Environment Agency v Clark

From Wikipedia, the free encyclopedia
Jump to: navigation, search

Environment Agency v Clark [2001] Ch 57 (also, Re Rhondda Waste Disposal Ltd) is a UK insolvency law case concerning the right of creditors to bring proceedings against insolvent companies in administration. It concerned s.10, Insolvency Act 1986, now Schedule B1, para. 43(6) whereby a moratorium on legal proceedings is effected after an administration order takes place.


Rhondda Waste Disposal Ltd, a company wholly owned by Rhondda Cynon Taf County Borough Council ran a landfill site under a waste management licence in Nant-y-Gwyddon, Rhondda Valley. The Environment Agency served an enforcement notice against Rhondda, telling it to comply with its licence terms, under s.33(6), Environmental Protection Act 1990. It then got an injunction. Rhondda failed to change in the next six months. So Rhondda petitioned for an administration order. The administrator asked the court to clarify whether the Environment Agency needed leave under the Insolvency Act 1986, s.10(1)(c) and s.11(3)(d) to bring criminal prosecutions.

Judge Moseley QC, Deputy High Court Judge of the Chancery Division, held it did. The Environment Agency appealed, arguing the words "other proceedings" in the sections were not intended to cover environmental and criminal proceedings, but only recovery of money.


Scott Baker J, speaking for the Court of Appeal (Henry LJ and Robert Walker LJ) held that the moratorium on "other proceedings" plainly meant all proceedings, including criminal proceedings. So the Environment Agency needed permission before prosecuting. This was because other sections in the Act referred to criminal offences, so on a proper construction, criminal proceedings would have been excluded specifically if that had been intended.[1]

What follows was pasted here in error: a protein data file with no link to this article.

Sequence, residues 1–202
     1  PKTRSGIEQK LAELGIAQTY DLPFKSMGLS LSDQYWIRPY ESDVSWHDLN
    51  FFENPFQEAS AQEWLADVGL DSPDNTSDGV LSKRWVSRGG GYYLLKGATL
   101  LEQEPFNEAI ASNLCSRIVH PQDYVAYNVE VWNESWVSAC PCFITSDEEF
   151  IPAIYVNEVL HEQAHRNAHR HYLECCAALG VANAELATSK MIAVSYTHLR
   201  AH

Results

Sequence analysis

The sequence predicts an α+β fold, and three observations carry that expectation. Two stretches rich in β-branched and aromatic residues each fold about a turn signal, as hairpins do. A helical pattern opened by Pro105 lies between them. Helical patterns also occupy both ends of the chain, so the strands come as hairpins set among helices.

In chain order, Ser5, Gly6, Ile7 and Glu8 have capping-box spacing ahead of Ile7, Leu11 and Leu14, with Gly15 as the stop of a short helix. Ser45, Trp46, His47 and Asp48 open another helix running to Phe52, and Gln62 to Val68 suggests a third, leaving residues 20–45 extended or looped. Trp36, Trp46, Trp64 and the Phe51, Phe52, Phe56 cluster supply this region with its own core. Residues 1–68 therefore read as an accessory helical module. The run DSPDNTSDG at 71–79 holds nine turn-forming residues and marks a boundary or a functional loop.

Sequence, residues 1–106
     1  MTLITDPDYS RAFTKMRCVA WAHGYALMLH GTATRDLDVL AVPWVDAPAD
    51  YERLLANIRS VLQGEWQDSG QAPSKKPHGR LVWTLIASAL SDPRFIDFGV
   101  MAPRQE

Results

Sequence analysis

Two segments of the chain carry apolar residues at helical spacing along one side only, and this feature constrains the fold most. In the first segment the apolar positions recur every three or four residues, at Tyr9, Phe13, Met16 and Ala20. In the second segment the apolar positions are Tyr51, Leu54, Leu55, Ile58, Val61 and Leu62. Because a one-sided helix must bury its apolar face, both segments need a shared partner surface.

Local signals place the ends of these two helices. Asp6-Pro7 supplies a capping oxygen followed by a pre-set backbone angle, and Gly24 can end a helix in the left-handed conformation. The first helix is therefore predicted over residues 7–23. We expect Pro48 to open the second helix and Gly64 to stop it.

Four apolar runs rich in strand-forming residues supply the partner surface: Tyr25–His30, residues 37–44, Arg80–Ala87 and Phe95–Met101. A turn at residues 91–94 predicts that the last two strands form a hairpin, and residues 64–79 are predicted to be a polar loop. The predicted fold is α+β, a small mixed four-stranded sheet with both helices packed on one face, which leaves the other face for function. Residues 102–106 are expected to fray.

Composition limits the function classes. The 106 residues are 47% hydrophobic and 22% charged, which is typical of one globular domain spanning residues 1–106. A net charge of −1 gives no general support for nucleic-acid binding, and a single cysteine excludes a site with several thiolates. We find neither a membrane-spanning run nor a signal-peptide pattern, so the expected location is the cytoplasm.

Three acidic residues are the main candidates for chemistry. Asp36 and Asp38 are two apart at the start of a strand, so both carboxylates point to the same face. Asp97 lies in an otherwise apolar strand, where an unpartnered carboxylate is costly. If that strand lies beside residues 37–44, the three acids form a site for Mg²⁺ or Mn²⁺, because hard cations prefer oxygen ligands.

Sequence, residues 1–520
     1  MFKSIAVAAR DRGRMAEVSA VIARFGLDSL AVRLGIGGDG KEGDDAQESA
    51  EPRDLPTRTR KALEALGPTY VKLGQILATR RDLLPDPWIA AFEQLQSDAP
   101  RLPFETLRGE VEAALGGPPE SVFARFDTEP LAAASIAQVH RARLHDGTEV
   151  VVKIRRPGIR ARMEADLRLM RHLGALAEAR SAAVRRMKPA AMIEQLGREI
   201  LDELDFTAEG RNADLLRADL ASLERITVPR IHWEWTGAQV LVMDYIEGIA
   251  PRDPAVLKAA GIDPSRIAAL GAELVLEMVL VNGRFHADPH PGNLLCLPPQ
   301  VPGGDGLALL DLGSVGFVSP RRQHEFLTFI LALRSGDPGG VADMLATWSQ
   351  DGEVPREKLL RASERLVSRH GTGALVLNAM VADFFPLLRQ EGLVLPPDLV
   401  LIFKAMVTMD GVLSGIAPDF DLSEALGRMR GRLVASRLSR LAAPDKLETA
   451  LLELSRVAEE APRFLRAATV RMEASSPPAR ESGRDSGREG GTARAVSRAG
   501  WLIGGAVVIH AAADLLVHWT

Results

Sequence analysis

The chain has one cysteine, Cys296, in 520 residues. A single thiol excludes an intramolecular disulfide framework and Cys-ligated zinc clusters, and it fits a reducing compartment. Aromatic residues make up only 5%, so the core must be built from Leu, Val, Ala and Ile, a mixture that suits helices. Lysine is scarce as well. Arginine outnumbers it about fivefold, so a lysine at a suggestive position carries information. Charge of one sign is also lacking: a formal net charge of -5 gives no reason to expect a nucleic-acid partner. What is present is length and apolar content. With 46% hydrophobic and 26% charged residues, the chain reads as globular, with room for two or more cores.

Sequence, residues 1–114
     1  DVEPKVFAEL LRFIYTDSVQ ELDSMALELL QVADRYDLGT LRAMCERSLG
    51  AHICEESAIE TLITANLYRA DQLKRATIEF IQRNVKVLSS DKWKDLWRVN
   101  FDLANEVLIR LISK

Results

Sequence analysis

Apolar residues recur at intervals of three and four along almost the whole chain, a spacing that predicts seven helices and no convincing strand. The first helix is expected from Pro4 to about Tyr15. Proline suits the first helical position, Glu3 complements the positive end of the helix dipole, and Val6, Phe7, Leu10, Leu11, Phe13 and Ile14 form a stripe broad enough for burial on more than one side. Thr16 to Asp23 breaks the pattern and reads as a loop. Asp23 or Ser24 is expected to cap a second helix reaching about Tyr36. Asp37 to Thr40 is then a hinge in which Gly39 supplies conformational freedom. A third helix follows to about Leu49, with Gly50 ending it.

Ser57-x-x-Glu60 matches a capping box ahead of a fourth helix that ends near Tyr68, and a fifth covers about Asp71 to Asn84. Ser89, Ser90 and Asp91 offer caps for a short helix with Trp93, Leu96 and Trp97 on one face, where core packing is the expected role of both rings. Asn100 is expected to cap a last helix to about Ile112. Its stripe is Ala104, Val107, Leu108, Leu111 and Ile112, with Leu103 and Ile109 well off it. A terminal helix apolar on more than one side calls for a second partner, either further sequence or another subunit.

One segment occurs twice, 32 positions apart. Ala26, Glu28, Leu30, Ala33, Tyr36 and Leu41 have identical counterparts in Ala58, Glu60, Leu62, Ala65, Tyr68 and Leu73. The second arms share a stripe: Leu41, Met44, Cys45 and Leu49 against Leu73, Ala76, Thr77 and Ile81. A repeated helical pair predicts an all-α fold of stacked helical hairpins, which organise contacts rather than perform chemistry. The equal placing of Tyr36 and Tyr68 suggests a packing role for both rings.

The purpose of the Insolvency Act 1986 was to give a window of opportunity for the company to make proposals to creditors. Both criminal and civil proceedings would frustrate that.[2] Moreover the broad range of offences could mean such an exception would work against creditors' interests. Courts concerned with administration are well placed to balance the arguments for and against leave. Scott Baker J also referred to remarks by Morritt J in the Re Celtic Extraction case, on the “polluter pays” principle. This should not be applied so that unsecured creditors pay to the whole extend of the available assets.

However, the judge had erred in refusing leave. The allegations of Rhondda's serious and long standing breaches of the Environmental Protection Act should not be overridden by creditors' interests.

Here, any fine that might be imposed on the company could only be paid at the expense of the creditors, since, although the company could pay, it could only do so out of assets available for distribution to the creditors.

See also[edit]


  1. ^ Bristol Airport Plc v. Powdrill [1990] Ch 744 applied; Air Ecosse Ltd v. Civil Aviation Authority 1987 S.C. 285 IH (2 Div) not followed.
  2. ^ Re Atlantic Computer Systems plc [1992] Ch 505


  • Ann Cheong, ‘Rhondda Waste Disposal Ltd (In Administration), Re [2001] Ch. 57’ (2001) Company Lawyer 283

External links[edit]